As a way of beginning, one might compare the art of photography to the act of pointing. All of us, even the best-mannered of us, occasionally point, and it must be true that some of us point to more interesting facts, events, circumstances, and configurations than others. It is not difficult to imagine a person-a mute Virgil of the corporeal world-who might elevate the act of pointing to a creative plane, a person who would lead us through the fields and streets and indicate a sequence of phenomena and aspects that would be beautiful, humorous, morally instructive, cleverly ordered, mysterious, or stonishing, once brought to our attention, but that had been unseen before, or seen dumbly, without comprehension. This talented practitioner of the new discipline (the discipline a cross, perhaps, between theater and criticism) would perform with a special grace, sense of timing, narrative sweep, and wit, thus endowing the act not merely with intelligence, but with that quality of formal rigor that identifies a work of art, so that we would be uncertain, when remembering the adventure of the tour, how much of our pleasure and sense of enlargement had come from the things pointed to and how much from the pattern created by the pointer.
To note the similarity between photography and pointing seems to me useful. Surely the best of photographers have been first of all pointers-men and women whose work says: I call your attention to this pyramid, face, battlefield, pattern of nature, ephemeral juxtaposition.
But it is also clear that the simile has flaws, which become obvious if we consider the different ways in which the photographer and the hypothetical pointer work. The formal nature of pointing (if the notion is admissible) deals with the center of an undefined field. The finger points to (of course) a point, or to a spot not much larger: to the eyes of the accused, or a cloud in the sky, or a finial or cartouche on a curious building, or to the running pickpocket-without describing the context in which the spot should be considered. An art of pointing would be a conceptual art, for the subject of the work would be defined in intellectual or psychic terms, not by an objective physical record. The pointing finger identifies that conceptual center on which the mind's eye focuses-a clear patch of the visual field that one might cover with a silver dollar held at arm's length-outside of which a progressive vagueness extends to the periphery of our vision."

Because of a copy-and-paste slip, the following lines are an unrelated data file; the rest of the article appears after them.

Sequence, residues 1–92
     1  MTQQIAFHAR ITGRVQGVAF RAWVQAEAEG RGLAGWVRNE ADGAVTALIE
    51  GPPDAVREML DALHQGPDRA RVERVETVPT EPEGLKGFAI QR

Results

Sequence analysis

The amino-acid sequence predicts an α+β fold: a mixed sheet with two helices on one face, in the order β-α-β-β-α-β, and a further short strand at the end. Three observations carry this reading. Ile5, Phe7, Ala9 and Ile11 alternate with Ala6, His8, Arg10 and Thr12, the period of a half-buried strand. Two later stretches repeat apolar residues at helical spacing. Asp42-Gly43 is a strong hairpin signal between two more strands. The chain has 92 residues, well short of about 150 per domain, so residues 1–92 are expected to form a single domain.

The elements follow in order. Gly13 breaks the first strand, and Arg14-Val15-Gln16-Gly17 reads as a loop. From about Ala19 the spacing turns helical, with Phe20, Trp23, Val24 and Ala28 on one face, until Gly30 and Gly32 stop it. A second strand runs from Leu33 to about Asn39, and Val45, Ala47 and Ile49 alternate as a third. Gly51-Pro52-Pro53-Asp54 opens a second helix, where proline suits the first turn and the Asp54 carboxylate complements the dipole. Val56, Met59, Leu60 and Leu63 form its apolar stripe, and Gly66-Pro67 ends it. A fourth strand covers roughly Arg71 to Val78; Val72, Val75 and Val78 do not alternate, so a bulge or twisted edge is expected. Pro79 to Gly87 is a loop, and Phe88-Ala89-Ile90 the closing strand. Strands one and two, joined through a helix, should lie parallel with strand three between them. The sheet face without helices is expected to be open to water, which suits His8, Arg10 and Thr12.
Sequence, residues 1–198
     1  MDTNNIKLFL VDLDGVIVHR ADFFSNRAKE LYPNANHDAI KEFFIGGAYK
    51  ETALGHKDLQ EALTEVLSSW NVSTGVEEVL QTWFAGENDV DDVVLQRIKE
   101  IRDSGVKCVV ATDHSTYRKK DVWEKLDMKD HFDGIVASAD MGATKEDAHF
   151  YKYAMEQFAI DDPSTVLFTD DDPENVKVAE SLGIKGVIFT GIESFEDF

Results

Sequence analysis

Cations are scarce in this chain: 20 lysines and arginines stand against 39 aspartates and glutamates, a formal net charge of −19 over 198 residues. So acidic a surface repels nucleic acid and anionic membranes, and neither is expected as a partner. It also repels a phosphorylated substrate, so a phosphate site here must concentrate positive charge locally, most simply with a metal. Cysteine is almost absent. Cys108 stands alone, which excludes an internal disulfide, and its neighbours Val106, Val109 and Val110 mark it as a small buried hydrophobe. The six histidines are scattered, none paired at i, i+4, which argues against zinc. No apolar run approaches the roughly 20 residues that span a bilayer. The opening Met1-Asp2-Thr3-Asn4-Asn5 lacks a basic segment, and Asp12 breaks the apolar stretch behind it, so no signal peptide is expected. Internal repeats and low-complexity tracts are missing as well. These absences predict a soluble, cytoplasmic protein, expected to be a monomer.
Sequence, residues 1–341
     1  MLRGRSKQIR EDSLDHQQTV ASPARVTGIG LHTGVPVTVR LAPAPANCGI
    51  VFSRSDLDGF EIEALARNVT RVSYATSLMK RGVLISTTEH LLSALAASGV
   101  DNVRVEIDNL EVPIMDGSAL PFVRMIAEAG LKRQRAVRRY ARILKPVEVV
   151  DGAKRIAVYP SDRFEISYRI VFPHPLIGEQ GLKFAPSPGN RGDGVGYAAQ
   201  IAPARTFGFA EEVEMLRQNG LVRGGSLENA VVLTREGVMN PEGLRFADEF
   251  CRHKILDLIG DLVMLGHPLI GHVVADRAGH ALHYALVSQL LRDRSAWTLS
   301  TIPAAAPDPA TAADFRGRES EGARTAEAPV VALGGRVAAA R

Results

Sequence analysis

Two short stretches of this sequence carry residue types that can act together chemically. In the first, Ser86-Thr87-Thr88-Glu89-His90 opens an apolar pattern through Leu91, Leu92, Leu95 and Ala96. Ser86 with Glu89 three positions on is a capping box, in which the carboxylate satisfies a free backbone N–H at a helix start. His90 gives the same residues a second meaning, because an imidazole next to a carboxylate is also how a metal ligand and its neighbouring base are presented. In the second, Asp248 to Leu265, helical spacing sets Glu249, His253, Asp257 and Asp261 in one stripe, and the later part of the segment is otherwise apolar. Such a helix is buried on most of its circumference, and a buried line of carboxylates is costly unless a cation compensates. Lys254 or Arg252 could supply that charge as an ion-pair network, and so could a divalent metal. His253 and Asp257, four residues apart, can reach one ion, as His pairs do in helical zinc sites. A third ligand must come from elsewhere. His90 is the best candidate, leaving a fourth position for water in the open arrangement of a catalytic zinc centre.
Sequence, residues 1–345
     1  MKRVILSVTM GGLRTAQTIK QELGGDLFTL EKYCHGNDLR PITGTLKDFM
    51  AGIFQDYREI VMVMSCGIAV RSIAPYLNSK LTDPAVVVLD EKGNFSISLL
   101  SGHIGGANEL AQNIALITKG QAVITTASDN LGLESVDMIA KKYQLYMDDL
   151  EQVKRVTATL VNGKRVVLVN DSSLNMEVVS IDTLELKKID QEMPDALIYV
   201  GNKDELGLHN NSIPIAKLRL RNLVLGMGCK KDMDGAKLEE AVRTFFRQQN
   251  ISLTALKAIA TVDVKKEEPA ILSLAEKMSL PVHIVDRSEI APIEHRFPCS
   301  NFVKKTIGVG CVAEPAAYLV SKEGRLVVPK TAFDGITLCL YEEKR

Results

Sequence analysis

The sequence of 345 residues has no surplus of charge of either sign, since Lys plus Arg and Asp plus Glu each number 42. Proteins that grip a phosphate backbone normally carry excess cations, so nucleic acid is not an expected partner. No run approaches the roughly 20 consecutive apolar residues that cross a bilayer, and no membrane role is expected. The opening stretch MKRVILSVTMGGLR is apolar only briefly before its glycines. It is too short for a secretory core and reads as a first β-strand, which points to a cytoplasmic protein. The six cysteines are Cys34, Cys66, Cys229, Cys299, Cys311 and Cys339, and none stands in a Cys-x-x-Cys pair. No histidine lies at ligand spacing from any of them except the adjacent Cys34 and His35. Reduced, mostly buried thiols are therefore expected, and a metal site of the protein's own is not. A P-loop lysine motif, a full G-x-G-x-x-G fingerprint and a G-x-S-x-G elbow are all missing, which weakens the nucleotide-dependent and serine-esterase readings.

"John Szarkowski’s passing will be widely mourned by those of us in photography, although he was always a controversial figure. His vision of photography was maybe narrow, but at least it was a consistent vision, passionately and eloquently held, and importantly from my point of view, privileged photography before pseudo-painting with the camera. It’s also important to note that he was a photographer himself - he knew what was going on in photographers’ minds at that moment of pressing the shutter.
I was always in awe of him. A long time ago, when I was a young whippersnapper, we were discussing his favourite subject, Eugene Atget.
‘Tell me,’ he said, referring to one of the major bones of contention in Atget studies - intentionality, ‘when he looked through the groundglass, did Atget totally know what he was doing?’
‘We can’t know that,’ I replied, taking the craven way out.
‘Of course he fucking did,’ snapped Szarkowski, dismissing me imperiously.
Once out of his office, and rather chastened by this, I got to thinking about it. Damnit, of course he was right. Of course Atget knew absolutely what he was doing. He may not thought of himself as an artist, he didn’t have a theory, he probably couldn’t articulate it. He was a photographer, he used his eyes. He looked through the groundglass, he liked what he saw, he took the picture.
Thank you, John, for that fundamental lesson, and for many others."